IN RE: BRIAN SCAVO, Appellant, v. ALBANY COUNTY BOARD OF ELECTIONS, Respondent.
MEMORANDUM AND ORDER
Calendar Date: August 20, 2015
Appeal from a judgment of the Supreme Court (R. Sise, J.), entered August 7, 2015 in Albany County, which dismissed petitioner's application, in a proceeding pursuant to Election Law § 16–102, to, among other things, declare valid the designating petition naming petitioner as the Democratic Party candidate for the public office of Albany County Legislator for the 9th Legislative District in the September 10, 2015 primary election.
Petitioner filed a designating petition with respondent seeking to be nominated as the Democratic Party candidate for the public office of Albany County Legislator for the 9th Legislative District in the September 10, 2015 primary election. By letter dated July 21, 2015, respondent determined that the designating petition was insufficient due to petitioner's failure to comply with the durational residency requirement of Albany County Charter § 202. Petitioner commenced this proceeding pursuant to Election Law § 16–102 to, among other things, declare valid his designating petition.1 Following a hearing, Supreme Court found that, among other things, petitioner did not meet the residency requirements and dismissed the application. This appeal ensued.
Pursuant to Albany County Charter § 202, “[e]ach County Legislator shall be a resident elector of the Legislative District he or she represents for at least one (1) year preceding the election and throughout the term of office.” On his designating petition for the 9th Legislative District, petitioner listed an address that, undisputedly, is not located within the 9th Legislative District, and he later conceded at the hearing that he had moved out of the 9th Legislative District and into the 8th Legislative District about 11 months earlier.
Initially, we are unpersuaded by petitioner's claim that respondent lacked the authority to determine the validity of his designating petition. In that regard, respondent's determination that the residential address that petitioner listed on the designating petition is not within the 9th Legislative District and that petitioner, therefore, did not satisfy the applicable durational residency requirements is a matter that “appear[s] upon the face of the petition” and, as such, concerns a ministerial objection within the power of respondent to review (Schwartz v. Heffernan, 304 N.Y. 474, 480 ; see Matter of Wicksel v. Cohen, 262 N.Y. 446, 448–449 ; Matter of Adamczyk v. Mohr, 87 AD3d 833, 835 , lv denied 17 NY3d 706 ; compare Matter of Conti v. Clyne, 120 AD3d 884, 886 , lv denied 23 NY3d 908 ; Matter of Scaturro v. Maloney, 76 AD3d 688, 690  ). Moreover, by conceding that the address listed on his designating petition is outside the 9th Legislative District and that he did not, in fact, live in that district, petitioner failed to demonstrate that he satisfied the residency requirements and, consequently, did not meet his burden of demonstrating the validity of his designating petition (see Matter of Schneeberg v New York State Bd. of Elections, 51 N.Y.2d 814, 815 ; Matter of Adamczyk v. Mohr, 87 AD3d at 835).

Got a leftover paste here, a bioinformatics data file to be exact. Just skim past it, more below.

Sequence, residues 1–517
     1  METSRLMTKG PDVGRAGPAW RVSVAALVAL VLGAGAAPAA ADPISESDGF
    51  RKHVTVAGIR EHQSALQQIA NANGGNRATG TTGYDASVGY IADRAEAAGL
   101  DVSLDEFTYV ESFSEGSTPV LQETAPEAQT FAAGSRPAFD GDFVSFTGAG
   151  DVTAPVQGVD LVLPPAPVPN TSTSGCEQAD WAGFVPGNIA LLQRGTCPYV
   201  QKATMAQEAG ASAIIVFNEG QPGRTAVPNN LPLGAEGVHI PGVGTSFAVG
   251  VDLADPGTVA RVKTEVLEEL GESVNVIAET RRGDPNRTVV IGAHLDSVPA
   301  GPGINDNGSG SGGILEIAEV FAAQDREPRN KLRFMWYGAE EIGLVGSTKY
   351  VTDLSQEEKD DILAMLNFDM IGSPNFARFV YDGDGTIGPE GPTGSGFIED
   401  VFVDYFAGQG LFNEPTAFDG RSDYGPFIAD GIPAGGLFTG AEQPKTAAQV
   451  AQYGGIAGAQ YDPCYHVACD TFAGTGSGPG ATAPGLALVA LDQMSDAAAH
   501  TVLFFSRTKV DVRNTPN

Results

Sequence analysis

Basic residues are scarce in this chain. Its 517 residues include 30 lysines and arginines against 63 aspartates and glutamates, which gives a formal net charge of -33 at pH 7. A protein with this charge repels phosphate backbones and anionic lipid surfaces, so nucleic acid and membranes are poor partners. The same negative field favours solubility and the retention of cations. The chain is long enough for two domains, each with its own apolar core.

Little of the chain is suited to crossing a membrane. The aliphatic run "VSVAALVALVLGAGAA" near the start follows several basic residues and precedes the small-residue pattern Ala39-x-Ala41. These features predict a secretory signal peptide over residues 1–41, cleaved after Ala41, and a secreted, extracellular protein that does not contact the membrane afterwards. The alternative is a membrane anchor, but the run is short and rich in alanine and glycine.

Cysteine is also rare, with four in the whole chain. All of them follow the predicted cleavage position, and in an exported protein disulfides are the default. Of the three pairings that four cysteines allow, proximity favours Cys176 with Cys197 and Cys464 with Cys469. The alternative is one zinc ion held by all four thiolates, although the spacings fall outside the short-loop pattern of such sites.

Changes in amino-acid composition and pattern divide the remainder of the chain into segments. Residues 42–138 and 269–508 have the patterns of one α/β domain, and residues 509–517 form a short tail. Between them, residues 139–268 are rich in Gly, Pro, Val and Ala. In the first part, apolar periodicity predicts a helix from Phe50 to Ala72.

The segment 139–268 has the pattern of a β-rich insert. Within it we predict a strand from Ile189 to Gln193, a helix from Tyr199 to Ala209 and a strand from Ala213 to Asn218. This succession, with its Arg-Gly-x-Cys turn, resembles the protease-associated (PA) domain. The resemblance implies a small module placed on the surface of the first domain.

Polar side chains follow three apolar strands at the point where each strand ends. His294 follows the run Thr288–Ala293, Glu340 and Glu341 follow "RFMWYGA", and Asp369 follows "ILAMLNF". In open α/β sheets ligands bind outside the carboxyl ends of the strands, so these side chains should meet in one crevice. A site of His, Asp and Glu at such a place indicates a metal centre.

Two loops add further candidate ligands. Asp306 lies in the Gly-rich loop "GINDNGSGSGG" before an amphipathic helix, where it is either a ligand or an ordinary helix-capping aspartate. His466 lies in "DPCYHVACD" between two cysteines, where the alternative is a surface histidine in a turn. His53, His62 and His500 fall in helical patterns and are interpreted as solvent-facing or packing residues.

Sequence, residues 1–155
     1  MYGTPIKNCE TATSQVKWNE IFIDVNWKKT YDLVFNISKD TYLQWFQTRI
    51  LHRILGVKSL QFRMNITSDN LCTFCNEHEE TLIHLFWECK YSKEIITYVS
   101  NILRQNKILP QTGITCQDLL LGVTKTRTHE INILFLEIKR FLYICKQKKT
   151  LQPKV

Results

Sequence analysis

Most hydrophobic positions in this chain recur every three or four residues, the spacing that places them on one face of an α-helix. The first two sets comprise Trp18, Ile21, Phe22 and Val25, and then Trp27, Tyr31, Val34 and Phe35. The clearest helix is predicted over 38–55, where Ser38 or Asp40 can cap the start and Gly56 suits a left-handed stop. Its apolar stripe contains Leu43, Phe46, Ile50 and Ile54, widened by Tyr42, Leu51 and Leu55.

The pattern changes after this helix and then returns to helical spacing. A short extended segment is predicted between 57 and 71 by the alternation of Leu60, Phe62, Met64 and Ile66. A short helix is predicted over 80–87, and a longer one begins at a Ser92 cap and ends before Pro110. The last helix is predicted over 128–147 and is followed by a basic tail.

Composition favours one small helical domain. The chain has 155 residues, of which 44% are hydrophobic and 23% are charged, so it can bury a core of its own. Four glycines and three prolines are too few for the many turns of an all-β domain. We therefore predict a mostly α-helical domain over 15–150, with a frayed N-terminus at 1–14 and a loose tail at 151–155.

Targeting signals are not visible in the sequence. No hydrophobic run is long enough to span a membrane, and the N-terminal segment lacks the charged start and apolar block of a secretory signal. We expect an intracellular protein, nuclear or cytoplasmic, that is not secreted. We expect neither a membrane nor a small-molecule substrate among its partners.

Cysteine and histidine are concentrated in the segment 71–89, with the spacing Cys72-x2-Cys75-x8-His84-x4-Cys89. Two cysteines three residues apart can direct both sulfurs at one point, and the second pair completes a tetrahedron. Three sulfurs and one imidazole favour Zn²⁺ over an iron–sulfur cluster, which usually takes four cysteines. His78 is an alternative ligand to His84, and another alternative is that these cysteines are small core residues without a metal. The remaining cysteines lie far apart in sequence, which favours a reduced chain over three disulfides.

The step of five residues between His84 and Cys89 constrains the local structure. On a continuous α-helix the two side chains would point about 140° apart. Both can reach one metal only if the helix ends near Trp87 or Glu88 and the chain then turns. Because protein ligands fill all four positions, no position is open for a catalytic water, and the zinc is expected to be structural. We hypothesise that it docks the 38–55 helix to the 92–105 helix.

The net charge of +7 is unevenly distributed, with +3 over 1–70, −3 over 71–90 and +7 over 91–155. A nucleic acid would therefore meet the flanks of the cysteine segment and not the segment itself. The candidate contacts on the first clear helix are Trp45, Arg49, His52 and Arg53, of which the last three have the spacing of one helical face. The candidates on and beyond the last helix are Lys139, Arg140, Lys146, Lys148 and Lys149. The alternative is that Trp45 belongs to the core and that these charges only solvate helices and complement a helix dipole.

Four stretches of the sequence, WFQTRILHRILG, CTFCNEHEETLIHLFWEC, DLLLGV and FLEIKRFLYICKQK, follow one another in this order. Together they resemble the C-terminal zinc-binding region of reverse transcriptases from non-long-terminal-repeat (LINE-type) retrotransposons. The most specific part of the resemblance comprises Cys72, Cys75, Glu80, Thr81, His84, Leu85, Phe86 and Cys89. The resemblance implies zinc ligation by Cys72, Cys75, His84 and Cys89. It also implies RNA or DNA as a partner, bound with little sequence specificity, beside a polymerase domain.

Turning to petitioner's claim that his right to equal protection was violated, we find that the one-year durational residency requirement imposes a reasonable, nondiscriminatory restriction on prospective candidates and voters that is supported by a rational basis (see Matter of Adamczyk v. Mohr, 87 AD3d at 834; see generally Matter of Dusch v Davis, 387 U.S. 112, 115 ; Matter of Walsh v. Katz, 17 NY3d 336, 342–346 ; Galbraith v New York Conservative Party, 155 A.D.2d 183, 185–186  ). As a legislative enactment, the Albany County Charter enjoys a strong presumption of constitutionality (see Overstock.com, Inc. v New York State Dept. of Taxation & Fin., 20 NY3d 586, 593 , cert denied _ U.S. _, 134 S Ct 682 ; LaValle v. Hayden, 98 N.Y.2d 155, 161 ; Worthington v. London Guar. & Acc. Co., 164 N.Y. 81, 84  ), and petitioner has not established that it violates his right to equal protection. Further, the fact that the legislative districts were redrawn in 2015 does not exempt petitioner from the residency requirement (see Matter of Adamczyk v. Mohr, 87 AD3d at 834–835; Matter of Reid v. Richards, 89 A.D.2d 939, 939  ). Also unavailing is his related claim that it is improper that only incumbents receive preferential treatment under Albany County Charter § 202 following reapportionment in that they are only required to become a resident of a newly drawn district “prior to taking office” in certain circumstances where redistricting impacted their respective residencies. Petitioner has not shown that the redistricting had any impact on his ability to satisfy the durational residency requirement. Thus, his arguments have no bearing on the determination of the validity of his designating petition. Petitioner's remaining claims are also without merit.
Lahtinen, J.P., McCarthy, Garry and Clark, JJ., concur.
ORDERED that the judgment is affirmed, without costs.
Robert D. Mayberger
Clerk of the Court
FN1. While the pro se petition indicates that it was filed under CPLR article 78, Supreme Court converted it to a proceeding pursuant to Election Law § 16–102 (see CPLR 103[c] ).. FN1. While the pro se petition indicates that it was filed under CPLR article 78, Supreme Court converted it to a proceeding pursuant to Election Law § 16–102 (see CPLR 103[c] ).